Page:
“Reaching a consensus between IT’s objectives and those of the business unit was a problem.” (Marketing manager, manufacturing company)

“Internal disagreements on how to implement were the cause of our problems.” (Senior director, customer support, media, entertainment, and leisure company)

  • Rearchitecting critical customer-facing processes. CRM processes consist of the work practices associated with major customer-facing business functions within an organization. Twenty-seven percent of the problems reported center on difficulties with business process management. Within the business process category, specific pitfalls to watch out for include: technical/integration difficulties in supporting company processes (48%), poor business process design (31%), and the need to customize solutions to fit unique organizational requirements (21%).
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Social Technologies Will Drive Businesses To Focus On The Complete Customer Experience

Consumers across Asia Pacific are using multiple touchpoints to obtain and share information and purchase products and services. Organizations — both public and private — are struggling to support and enhance these new customer experiences across rapidly evolving channels like application marketplaces and mobile devices that are increasingly contributing to revenue growth.

  • Customer relationships will continue to change faster than CRM tools. Organizations are unable to cater to non-traditional touchpoints using their legacy systems. They are beginning to understand how these new touchpoints are impacting engagement at every phase of the customer lifecycle and across multiple channels and touchpoints. Organizations that truly value customers will invest in social tools (and platforms) in 2012 to better manage relationships.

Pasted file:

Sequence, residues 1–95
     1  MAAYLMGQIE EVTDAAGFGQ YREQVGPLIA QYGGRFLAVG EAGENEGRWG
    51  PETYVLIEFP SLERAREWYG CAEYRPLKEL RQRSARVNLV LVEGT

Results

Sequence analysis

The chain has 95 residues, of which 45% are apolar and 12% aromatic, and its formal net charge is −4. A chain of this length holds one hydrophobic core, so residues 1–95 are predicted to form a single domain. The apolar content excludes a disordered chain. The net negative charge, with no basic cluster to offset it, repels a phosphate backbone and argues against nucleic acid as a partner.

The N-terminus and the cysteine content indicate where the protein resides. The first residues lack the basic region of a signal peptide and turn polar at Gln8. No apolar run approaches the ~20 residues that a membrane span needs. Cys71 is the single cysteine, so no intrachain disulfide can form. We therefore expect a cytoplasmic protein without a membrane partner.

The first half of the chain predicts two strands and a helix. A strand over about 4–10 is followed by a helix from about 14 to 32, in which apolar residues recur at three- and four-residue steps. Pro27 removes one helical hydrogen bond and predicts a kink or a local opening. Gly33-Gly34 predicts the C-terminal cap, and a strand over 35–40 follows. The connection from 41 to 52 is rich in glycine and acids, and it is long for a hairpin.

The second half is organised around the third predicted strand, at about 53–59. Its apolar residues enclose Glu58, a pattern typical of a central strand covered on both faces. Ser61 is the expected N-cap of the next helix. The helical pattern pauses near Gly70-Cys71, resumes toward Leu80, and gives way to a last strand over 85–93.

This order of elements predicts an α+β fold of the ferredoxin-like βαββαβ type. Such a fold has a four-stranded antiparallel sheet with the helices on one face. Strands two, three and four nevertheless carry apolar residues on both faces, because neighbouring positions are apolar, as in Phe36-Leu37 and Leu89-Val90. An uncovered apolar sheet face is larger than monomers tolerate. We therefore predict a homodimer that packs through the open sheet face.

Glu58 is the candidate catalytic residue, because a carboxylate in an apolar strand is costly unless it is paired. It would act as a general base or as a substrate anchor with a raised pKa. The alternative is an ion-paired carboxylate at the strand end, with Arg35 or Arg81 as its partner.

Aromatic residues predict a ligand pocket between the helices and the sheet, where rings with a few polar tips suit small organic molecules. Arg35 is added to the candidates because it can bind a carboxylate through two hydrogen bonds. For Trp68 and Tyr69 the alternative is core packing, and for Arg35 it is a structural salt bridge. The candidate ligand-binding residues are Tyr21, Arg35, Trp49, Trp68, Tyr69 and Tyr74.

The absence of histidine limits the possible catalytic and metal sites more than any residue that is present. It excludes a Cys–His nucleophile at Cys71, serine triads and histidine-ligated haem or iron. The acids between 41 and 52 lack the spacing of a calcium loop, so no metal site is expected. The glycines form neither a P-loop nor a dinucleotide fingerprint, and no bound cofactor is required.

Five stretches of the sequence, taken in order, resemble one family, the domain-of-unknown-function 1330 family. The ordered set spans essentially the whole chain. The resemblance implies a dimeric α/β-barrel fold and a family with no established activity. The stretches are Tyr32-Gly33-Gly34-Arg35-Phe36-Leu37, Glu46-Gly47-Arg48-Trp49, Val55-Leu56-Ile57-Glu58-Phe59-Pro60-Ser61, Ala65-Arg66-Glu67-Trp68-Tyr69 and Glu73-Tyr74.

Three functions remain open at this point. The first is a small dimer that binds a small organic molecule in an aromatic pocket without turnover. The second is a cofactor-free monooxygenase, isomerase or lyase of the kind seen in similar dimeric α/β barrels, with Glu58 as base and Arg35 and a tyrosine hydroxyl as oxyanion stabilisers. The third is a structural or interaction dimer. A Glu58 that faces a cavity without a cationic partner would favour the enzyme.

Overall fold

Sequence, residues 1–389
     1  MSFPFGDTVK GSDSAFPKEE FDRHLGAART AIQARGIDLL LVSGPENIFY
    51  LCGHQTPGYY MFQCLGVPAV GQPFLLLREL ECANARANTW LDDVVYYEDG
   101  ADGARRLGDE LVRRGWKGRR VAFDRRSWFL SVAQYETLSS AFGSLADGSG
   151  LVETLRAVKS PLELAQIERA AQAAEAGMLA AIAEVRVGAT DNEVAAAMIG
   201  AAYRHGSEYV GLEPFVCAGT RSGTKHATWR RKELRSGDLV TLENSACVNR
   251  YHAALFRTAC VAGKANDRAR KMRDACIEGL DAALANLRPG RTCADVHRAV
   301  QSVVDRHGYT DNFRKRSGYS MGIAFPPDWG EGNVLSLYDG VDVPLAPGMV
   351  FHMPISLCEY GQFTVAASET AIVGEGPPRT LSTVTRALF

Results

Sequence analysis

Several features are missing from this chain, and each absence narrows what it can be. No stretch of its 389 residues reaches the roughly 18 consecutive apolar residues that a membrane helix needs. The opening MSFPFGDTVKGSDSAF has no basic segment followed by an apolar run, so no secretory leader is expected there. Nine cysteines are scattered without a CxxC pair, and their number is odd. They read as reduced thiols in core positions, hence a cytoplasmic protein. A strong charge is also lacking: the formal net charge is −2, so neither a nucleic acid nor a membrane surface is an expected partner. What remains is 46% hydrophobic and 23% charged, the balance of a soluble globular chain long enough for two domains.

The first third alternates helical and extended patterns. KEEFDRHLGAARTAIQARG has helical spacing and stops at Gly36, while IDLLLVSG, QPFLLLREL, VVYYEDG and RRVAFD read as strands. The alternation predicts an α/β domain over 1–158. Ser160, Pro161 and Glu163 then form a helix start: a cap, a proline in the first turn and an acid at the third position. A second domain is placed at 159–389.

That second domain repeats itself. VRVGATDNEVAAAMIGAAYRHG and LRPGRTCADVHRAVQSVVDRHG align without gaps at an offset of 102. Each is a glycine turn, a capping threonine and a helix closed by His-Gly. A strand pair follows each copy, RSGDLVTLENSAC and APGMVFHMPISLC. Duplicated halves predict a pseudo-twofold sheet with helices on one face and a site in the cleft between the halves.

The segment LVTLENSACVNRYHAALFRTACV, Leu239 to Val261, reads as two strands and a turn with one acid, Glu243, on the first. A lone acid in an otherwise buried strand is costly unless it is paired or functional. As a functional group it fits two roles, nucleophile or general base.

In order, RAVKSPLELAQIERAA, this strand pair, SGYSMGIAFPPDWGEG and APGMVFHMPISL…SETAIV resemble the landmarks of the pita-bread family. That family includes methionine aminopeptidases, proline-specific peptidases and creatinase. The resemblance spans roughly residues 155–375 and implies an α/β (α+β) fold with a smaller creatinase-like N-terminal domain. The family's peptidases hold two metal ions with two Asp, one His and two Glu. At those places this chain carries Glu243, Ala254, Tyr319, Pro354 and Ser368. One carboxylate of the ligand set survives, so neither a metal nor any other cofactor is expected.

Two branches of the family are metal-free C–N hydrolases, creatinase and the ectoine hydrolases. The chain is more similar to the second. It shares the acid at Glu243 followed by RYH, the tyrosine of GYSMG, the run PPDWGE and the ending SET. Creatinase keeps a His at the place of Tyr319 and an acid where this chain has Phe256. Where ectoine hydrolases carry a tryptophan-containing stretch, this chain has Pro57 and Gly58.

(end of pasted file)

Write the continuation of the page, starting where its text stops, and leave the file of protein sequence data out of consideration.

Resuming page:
• Organizations will increasingly be forced to evolve from "transactional" customer interaction methods to customer "engagement." Organizations across multiple industries like FMCG (fast-moving consumer goods), retail, professional services, and media & entertainment in Asia Pacific are already thinking about the customer lifecycle beyond legacy CRM tools — which were typically designed to support organizational processes, not customer ones. Over 2012, we expect organizations across Asia Pacific to expand their use of social technologies, mobility solutions, and analytics to improve engagement.